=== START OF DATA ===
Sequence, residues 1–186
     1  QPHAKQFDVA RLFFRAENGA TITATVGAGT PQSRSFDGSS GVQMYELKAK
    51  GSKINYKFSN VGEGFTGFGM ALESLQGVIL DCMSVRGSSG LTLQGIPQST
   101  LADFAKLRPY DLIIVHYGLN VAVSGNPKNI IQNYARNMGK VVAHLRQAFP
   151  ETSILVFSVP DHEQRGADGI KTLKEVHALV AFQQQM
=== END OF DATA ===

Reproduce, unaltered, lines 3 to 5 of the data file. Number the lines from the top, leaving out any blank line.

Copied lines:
    51  GSKINYKFSN VGEGFTGFGM ALESLQGVIL DCMSVRGSSG LTLQGIPQST
   101  LADFAKLRPY DLIIVHYGLN VAVSGNPKNI IQNYARNMGK VVAHLRQAFP
   151  ETSILVFSVP DHEQRGADGI KTLKEVHALV AFQQQM